This document attempts to describe the desired semantics for Bzr on a Windows file system. Most Windows file systems are "case preserving", in that the original case given for a filename is retained, even though any case can be used to access the file. This is in contrast to some file-systems, used on Windows and elsewhere, that are truly case-insensitve.
This document concerns itself mainly with the behaviour on a case-preserving file system - but also CaseInsensitiveWorkingTreeSupport.
This document is intended to be in a "psuedo-doctest" format. Lines beginning with '%' are entered at a command-prompt, while lines beginning with ">" are intended to show that command's output. Where the desired behaviour differs from the current behaviour is marked with lines starting with '***'.
So, let's get started:
% [make and change into a temp working directory] % bzr init
Windows is a case-preserving file-system. Note that it doesn't matter what case we use when asking for the file - we always get back the exact case the file was created with.
% touch Foo % dir foo > ... > 09/10/2008 01:40 PM 0 Foo % dir Foo > ... > 09/10/2008 01:40 PM 0 Foo % if exist Foo echo Yes > Yes % if exist foo echo Yes > Yes
Bzr should attempt to use the name on the file-system rather than the name supplied by the user.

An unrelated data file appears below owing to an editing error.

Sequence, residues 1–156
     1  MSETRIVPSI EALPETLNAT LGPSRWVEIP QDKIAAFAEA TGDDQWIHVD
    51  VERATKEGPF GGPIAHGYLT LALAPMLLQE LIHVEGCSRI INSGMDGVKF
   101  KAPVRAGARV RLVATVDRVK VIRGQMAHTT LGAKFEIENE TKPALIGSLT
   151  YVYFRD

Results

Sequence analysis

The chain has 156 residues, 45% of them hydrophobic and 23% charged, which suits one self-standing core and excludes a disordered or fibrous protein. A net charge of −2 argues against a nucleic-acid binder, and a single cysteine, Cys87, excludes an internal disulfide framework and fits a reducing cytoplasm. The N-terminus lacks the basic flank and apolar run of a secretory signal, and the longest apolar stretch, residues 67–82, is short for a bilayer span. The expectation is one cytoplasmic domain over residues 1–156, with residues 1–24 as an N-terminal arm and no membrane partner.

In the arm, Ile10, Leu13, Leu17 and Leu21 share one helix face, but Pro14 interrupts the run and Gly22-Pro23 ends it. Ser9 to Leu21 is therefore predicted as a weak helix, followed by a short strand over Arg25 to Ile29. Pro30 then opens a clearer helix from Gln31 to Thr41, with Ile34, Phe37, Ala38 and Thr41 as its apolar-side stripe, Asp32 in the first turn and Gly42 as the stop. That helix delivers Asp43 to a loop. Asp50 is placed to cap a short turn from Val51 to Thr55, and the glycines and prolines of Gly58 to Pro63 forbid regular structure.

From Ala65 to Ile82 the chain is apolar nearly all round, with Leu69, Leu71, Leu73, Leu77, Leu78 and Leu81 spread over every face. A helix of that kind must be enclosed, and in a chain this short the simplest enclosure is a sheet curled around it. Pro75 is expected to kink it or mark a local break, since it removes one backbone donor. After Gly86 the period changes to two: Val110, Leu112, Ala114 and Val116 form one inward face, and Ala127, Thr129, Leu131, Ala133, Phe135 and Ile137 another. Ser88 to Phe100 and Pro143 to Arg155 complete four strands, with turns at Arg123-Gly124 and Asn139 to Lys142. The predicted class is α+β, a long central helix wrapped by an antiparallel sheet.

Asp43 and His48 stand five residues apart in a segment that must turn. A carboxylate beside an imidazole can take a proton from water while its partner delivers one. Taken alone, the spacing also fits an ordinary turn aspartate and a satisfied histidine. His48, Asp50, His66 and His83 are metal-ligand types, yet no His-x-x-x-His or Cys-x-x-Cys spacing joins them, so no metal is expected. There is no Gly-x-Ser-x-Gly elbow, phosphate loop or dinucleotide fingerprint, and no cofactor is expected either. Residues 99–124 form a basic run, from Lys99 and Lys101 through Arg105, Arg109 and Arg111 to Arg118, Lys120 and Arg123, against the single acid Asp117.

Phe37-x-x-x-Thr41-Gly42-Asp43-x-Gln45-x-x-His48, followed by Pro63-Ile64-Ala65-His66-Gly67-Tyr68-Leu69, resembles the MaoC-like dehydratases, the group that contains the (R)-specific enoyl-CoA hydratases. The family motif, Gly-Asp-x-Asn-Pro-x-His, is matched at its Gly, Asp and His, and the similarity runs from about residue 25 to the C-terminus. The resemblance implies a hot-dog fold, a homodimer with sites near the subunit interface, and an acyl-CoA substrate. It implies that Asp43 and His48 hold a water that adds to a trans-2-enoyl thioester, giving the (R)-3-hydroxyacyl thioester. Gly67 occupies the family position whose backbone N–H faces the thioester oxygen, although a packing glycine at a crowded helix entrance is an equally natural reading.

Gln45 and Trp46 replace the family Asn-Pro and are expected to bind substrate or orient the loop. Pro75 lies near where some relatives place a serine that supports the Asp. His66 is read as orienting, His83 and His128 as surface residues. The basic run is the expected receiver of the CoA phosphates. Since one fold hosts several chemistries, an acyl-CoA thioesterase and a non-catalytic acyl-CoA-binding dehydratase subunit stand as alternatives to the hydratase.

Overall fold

% bzr add foo *** current behaviour *** > added foo *** expected behaviour *** > added Foo % bzr status *** current behaviour *** > unknown: > Foo *** expected behaviour *** > added: > Foo
Supplying the incorrect case to a file already in the inventory should work correctly. Let's add a new file to bzr with the correct case:
% touch lower % bzr add lower > added lower
If Windows lets them see it with a given name:
% dir Lower > ... > 09/10/2008 01:48 PM 0 lower
Bzr should too:
% bzr status Lower *** current behaviour *** > unknown: > Lower *** expected behaviour *** > added: > lower
All comments which accept a filename need to handle this situation. Eg, rm:
% [make and change into a temp working directory] % bzr init > ... % touch Foo lower % bzr add > added Foo > added lower % bzr ci -m "some changes" > ... % bzr rm foo Lower *** current behaviour *** > bzr: ERROR: Can't safely remove modified or unknown files: > unknown: > foo > Lower > Use --keep to not delete them, or --force to delete them regardless. *** expected behaviour *** > deleted lower > deleted Foo
If an external program changes the case of the file underneath us, it must not phase us.
% bzr revert > +N Foo > +N lower % rm Foo % echo hello > foo % bzr status *** current behaviour *** > removed: > Foo > unknown: > foo *** expected behaviour *** > modified: > Foo
And reverting a tree in that state should restore the case of the file:
% bzr revert *** current behaviour *** > M Foo > Conflict adding file Foo. Moved existing file to foo.moved. *** expected behaviour *** > M Foo
But if the user really wants bzr to see the new name, she just does 'bzr mv' as normal.